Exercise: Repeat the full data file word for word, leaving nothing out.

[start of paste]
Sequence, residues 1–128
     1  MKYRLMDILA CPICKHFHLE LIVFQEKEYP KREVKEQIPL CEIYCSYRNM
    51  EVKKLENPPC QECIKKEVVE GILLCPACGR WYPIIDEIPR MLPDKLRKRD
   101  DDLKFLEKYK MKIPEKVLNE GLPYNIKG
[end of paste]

Sequence, residues 1–128
     1  MKYRLMDILA CPICKHFHLE LIVFQEKEYP KREVKEQIPL CEIYCSYRNM
    51  EVKKLENPPC QECIKKEVVE GILLCPACGR WYPIIDEIPR MLPDKLRKRD
   101  DDLKFLEKYK MKIPEKVLNE GLPYNIKG